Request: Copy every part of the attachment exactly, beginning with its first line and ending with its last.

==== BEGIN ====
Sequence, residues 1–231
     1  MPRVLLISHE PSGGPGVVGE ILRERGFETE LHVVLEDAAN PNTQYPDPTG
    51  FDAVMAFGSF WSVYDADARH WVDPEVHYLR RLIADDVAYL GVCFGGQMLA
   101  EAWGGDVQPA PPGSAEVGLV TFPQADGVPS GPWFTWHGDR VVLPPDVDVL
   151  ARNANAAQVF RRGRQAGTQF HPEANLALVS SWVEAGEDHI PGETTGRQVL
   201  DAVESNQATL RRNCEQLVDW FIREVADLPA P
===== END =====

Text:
Sequence, residues 1–231
     1  MPRVLLISHE PSGGPGVVGE ILRERGFETE LHVVLEDAAN PNTQYPDPTG
    51  FDAVMAFGSF WSVYDADARH WVDPEVHYLR RLIADDVAYL GVCFGGQMLA
   101  EAWGGDVQPA PPGSAEVGLV TFPQADGVPS GPWFTWHGDR VVLPPDVDVL
   151  ARNANAAQVF RRGRQAGTQF HPEANLALVS SWVEAGEDHI PGETTGRQVL
   201  DAVESNQATL RRNCEQLVDW FIREVADLPA P